Physical therapists say the pandemic challenged the practice
BISMARCK, N.D. (KFYR) - Physical therapy is a hands on practice that usually requires face to face appointments.
So when the pandemic hit, PTs struggled to find a new normal.
April Mettler as been a physical therapist for 12 years.
“We have always been known as a hands-on rehab. That is always what we’ve made our claim to fame on. Hands on care allows us to really get into the tissues, allows us to really manipulate things different than what normal exercise can,” said CC’s Physical Therapy Owner and Physical Therapist April Mettler.
“She does the dry needling and the hands-on therapy, really not just telling you how to do the exercise, but showing you how to do the exercise.” said April Mettler’s patient Alexandra Lund.
When the pandemic hit, things changed.
“As soon as March hit and everything was shutting down, we definitely had the rug drawn out from underneath us. We saw a drastic decline in business and number of clients coming into our office every day,” said Mettler.
Despite the obstacles and patient-hesitancy making face to face appointments difficult, Mettler decided to keep her focus primarily on in-person visits.
“The telehealth option is super nice for people. But if people can come in and see us and are comfortable with it, I feel like we as clinicians do such a better job with that face to face contact and that hands-on work,” said Mettler.
Kimberly Bloms is a pediatric physical therapist whose clients’ needs are a bit different.
“It was quite a whirlwind for us when we first opened and then had to navigate changes, especially because we work with kids who are immunocompromised,” said Kids in Motion Pediatric Therapy and Wellness Owner and Physical Therapist Kimberly Bloms.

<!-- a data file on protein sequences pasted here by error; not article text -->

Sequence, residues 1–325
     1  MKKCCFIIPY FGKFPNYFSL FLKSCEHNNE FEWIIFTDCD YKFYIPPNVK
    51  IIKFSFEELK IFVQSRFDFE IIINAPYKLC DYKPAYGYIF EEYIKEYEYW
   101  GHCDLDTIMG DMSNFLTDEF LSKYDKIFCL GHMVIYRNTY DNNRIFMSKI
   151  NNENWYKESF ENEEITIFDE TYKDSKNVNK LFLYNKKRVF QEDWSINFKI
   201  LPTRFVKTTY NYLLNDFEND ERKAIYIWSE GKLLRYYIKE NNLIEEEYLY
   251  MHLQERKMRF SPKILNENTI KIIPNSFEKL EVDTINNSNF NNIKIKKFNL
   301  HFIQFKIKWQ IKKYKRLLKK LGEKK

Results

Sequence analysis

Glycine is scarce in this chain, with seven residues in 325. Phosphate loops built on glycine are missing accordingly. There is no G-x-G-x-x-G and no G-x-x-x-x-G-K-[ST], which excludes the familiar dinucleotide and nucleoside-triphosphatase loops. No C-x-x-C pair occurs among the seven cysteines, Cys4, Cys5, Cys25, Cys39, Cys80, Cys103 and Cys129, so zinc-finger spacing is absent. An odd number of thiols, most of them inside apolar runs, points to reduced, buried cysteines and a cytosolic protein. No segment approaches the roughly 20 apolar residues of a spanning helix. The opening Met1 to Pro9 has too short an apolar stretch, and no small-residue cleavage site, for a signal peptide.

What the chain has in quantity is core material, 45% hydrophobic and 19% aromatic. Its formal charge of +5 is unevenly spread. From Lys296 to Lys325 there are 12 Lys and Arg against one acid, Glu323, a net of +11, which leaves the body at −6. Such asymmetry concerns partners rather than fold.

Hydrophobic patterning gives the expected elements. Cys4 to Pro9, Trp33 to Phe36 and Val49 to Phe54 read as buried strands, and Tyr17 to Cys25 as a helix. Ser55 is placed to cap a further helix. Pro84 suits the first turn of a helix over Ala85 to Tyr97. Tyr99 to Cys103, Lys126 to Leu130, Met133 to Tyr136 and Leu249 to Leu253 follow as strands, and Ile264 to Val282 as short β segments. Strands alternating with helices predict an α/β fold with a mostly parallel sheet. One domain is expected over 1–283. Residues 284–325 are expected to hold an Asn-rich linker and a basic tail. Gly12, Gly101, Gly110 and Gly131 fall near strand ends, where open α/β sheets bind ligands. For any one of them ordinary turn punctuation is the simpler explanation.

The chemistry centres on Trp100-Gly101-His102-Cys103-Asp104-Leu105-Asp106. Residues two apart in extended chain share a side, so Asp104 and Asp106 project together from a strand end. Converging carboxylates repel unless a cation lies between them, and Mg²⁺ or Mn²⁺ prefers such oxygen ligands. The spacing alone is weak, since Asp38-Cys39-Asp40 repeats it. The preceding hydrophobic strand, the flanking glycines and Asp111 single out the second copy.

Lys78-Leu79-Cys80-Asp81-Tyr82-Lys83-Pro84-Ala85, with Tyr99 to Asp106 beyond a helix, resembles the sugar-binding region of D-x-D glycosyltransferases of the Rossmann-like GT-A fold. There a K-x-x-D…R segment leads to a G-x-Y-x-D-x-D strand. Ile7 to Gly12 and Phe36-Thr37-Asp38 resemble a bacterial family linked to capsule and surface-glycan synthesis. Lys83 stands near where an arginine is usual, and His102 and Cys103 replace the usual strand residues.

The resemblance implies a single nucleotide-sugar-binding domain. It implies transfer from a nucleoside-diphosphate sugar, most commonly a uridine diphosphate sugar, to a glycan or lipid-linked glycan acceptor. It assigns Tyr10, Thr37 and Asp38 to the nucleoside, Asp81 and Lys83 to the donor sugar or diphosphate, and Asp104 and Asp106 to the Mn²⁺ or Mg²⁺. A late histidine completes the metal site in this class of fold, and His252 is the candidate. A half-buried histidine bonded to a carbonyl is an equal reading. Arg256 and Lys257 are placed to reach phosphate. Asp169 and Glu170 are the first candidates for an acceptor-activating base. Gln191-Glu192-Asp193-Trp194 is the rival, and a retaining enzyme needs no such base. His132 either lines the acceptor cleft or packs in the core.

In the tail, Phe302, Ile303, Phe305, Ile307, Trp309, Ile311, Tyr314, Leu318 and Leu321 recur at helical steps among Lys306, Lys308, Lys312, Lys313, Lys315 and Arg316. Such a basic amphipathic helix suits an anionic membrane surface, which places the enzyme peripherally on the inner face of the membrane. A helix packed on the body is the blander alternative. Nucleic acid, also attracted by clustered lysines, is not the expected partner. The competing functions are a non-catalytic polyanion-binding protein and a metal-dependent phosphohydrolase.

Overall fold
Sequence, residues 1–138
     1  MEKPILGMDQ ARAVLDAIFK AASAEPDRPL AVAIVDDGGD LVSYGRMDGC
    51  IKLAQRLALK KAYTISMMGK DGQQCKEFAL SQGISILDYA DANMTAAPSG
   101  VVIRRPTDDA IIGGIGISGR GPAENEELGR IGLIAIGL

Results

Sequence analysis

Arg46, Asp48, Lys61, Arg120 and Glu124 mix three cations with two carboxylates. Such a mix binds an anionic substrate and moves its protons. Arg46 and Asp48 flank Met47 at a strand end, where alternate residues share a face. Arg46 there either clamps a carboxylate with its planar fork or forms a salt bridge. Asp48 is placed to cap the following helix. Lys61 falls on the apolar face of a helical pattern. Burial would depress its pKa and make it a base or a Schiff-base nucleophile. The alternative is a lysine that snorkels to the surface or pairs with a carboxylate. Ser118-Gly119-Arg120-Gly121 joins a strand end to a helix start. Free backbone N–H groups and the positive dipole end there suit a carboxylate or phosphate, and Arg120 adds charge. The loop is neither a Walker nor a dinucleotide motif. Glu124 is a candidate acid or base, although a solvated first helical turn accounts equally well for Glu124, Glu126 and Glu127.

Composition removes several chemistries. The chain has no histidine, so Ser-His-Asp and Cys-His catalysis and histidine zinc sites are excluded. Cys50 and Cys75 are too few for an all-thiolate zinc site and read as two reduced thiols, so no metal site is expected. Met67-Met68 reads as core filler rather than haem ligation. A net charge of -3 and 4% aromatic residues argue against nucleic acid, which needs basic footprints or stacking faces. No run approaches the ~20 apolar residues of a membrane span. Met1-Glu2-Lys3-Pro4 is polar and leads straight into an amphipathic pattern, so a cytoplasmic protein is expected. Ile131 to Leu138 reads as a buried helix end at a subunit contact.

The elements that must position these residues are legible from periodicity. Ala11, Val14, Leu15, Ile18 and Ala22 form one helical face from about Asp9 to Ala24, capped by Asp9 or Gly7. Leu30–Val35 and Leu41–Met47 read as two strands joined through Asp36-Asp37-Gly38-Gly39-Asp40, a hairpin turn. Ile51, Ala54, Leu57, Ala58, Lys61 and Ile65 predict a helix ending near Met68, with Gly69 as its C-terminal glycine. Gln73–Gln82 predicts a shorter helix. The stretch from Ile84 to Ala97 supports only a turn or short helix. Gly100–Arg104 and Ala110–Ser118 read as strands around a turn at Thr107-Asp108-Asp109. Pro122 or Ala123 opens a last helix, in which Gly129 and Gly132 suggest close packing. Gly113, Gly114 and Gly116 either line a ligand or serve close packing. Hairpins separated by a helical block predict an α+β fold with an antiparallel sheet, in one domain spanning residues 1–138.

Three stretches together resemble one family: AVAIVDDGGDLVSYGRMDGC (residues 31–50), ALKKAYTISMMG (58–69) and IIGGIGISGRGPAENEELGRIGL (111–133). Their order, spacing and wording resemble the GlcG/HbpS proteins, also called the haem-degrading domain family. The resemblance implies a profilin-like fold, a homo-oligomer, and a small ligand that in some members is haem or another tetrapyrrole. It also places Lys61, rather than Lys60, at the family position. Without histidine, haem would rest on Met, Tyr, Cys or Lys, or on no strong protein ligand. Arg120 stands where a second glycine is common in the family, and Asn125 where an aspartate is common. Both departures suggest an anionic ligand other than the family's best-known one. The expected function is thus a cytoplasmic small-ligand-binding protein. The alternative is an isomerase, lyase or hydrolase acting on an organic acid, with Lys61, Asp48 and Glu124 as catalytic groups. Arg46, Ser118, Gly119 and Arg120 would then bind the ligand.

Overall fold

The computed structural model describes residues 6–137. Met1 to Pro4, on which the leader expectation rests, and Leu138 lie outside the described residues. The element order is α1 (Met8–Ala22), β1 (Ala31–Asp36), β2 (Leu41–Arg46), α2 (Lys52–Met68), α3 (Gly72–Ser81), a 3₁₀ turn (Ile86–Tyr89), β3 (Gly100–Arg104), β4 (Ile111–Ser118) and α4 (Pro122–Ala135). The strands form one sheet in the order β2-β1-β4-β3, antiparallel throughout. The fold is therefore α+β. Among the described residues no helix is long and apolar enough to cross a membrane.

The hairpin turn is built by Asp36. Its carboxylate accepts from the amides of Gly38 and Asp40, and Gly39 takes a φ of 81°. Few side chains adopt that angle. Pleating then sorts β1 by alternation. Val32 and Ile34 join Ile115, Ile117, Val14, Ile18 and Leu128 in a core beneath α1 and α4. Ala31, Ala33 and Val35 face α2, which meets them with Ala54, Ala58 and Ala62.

Bloms says she was able to overcome some of the challenges presented by the pandemic obstacles by mover her practice from solely in person to partially online, through telehealth services.
“Telehealth itself went pretty smooth once we got the rhythm going. Parts of it were pretty entertaining trying to work with families on how to get kids to move the way we do,” said Bloms.
Despite the shift, Bloms also experienced a drop in clientele.
“Our numbers definitely declined at the very start of the pandemic,” said Bloms.
It’s been a rocky road for the industry the past 14 months, but both Mettler and Bloms say business is recovering and more and more people are recognizing the importance of physical therapy.
Mettler and Bloms both agree the best physical therapy session you can get is in-person with a therapist present.
However, both offer telehealth services for those who want it.
They say pandemic restrictions have shown them just how important exercise is for a health body.
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